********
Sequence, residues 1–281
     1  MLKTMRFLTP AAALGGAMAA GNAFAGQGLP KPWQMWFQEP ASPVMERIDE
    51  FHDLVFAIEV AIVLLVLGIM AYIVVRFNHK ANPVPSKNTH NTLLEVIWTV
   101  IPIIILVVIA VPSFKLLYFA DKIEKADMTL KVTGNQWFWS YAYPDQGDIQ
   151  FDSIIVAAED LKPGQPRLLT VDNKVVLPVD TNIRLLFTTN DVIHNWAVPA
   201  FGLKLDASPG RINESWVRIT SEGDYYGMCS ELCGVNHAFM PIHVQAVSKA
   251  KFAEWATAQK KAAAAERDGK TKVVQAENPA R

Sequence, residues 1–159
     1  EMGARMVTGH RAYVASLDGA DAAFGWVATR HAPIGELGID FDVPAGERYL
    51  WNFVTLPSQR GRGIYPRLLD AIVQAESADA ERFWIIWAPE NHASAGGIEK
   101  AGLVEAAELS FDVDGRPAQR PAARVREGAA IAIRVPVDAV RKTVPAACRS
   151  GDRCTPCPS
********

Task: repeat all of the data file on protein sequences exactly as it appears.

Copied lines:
Sequence, residues 1–281
     1  MLKTMRFLTP AAALGGAMAA GNAFAGQGLP KPWQMWFQEP ASPVMERIDE
    51  FHDLVFAIEV AIVLLVLGIM AYIVVRFNHK ANPVPSKNTH NTLLEVIWTV
   101  IPIIILVVIA VPSFKLLYFA DKIEKADMTL KVTGNQWFWS YAYPDQGDIQ
   151  FDSIIVAAED LKPGQPRLLT VDNKVVLPVD TNIRLLFTTN DVIHNWAVPA
   201  FGLKLDASPG RINESWVRIT SEGDYYGMCS ELCGVNHAFM PIHVQAVSKA
   251  KFAEWATAQK KAAAAERDGK TKVVQAENPA R

Sequence, residues 1–159
     1  EMGARMVTGH RAYVASLDGA DAAFGWVATR HAPIGELGID FDVPAGERYL
    51  WNFVTLPSQR GRGIYPRLLD AIVQAESADA ERFWIIWAPE NHASAGGIEK
   101  AGLVEAAELS FDVDGRPAQR PAARVREGAA IAIRVPVDAV RKTVPAACRS
   151  GDRCTPCPS